By Daven Lu
In November 2016, I was trying to book a flight to Thailand from Tokyo. I was a little late on booking, so the cheapest price I could find was well over 45,000 round trip. It would fluctuate between this number and 60,000.
I tried numerous sites–expedia, jetstar, air asia, google flights, peach airlines, momondo, and a few others. It wasn’t too expensive, but it was higher than I would have liked to pay.
Enter the Secret-Tech
I’ve known for a while that airlines don’t offer flat rate ticket prices. This can be observed as prices change as time passes. No one knows the exact algorithm used to determine the price, but over the past decade, people have discovered factors that influence the price. The big factors include the following:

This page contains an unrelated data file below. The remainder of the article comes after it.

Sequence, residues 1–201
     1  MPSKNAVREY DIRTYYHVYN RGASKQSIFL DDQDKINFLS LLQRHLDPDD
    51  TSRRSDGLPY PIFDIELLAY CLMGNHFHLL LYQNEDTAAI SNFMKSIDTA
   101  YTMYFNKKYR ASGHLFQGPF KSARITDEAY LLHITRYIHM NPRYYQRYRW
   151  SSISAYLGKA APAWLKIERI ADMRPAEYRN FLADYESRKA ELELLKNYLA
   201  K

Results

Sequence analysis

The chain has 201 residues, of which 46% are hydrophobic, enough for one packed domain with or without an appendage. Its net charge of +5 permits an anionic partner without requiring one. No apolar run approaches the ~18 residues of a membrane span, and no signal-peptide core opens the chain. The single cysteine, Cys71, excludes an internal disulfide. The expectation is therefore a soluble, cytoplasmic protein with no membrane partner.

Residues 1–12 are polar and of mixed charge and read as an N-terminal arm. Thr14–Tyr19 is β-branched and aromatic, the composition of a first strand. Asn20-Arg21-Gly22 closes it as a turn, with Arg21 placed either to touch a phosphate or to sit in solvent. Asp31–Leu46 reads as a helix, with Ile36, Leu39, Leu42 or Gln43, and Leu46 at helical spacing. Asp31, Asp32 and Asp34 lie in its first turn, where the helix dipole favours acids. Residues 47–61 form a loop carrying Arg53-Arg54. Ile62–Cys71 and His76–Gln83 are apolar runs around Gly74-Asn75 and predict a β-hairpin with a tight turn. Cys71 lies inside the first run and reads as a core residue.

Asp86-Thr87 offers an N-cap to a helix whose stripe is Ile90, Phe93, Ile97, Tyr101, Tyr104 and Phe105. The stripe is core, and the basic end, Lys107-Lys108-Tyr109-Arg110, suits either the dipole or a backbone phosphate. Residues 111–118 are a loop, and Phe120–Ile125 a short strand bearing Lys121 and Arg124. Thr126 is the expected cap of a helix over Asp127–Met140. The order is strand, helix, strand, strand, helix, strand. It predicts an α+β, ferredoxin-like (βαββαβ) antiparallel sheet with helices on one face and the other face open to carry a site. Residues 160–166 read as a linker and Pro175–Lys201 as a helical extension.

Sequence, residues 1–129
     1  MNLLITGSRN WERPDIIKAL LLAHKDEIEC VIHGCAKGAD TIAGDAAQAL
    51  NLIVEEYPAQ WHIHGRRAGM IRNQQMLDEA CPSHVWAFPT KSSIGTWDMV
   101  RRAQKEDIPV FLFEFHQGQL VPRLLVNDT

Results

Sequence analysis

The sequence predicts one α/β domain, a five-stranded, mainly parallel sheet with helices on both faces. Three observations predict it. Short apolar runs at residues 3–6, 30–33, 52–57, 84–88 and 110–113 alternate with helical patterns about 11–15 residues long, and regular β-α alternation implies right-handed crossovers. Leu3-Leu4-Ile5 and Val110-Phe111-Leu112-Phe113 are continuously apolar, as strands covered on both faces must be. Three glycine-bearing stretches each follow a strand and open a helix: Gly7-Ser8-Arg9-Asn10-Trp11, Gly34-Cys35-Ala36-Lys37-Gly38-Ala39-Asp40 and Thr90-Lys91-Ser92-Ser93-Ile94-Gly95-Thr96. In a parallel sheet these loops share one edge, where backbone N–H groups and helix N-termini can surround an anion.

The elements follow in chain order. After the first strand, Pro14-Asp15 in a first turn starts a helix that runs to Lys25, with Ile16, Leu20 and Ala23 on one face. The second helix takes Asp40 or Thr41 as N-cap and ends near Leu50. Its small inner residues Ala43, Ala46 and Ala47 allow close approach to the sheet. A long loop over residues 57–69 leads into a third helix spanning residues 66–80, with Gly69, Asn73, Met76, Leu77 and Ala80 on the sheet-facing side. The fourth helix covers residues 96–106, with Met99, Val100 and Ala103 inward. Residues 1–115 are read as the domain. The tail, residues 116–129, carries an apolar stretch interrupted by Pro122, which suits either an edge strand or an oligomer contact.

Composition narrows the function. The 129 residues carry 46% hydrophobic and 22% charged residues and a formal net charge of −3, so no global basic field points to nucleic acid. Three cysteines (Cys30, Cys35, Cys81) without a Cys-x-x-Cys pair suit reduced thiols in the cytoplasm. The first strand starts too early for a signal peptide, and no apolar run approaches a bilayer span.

b.) Days prior from departure
c.) Type of computer being booked from
b. is difficult to manipulate, but you can use an app called Hopper to continually monitor price swings. It can also tell you historically low price point times so you can strategically wait.
a. and c. are where you can save a lot of money if you have even the slightest bit of tech knowledge.
For a., use a proxy and hide your computer’s location to trick the website into thinking that you are booking from a different location. When I changed my location from Japan to Columbia or even Thailand, it was as if a new price had been unlocked for me. Suddenly, I saw round trip prices for 26,000, for a total savings of 19,000 yen. Yay.
For c., studies suggest that prices are inflated if you are booking from a premium computer (Alienware, and all Apple products for example). I guess airline companies think the average person is willing to fork out more for tickets if they own a luxury computer. By booking from an average Windows PC, you can be sure you are not being shown a higher price.
For a full-on analysis of location based price discrimination and how to tackle it, you can read here.
Happy booking for future travels.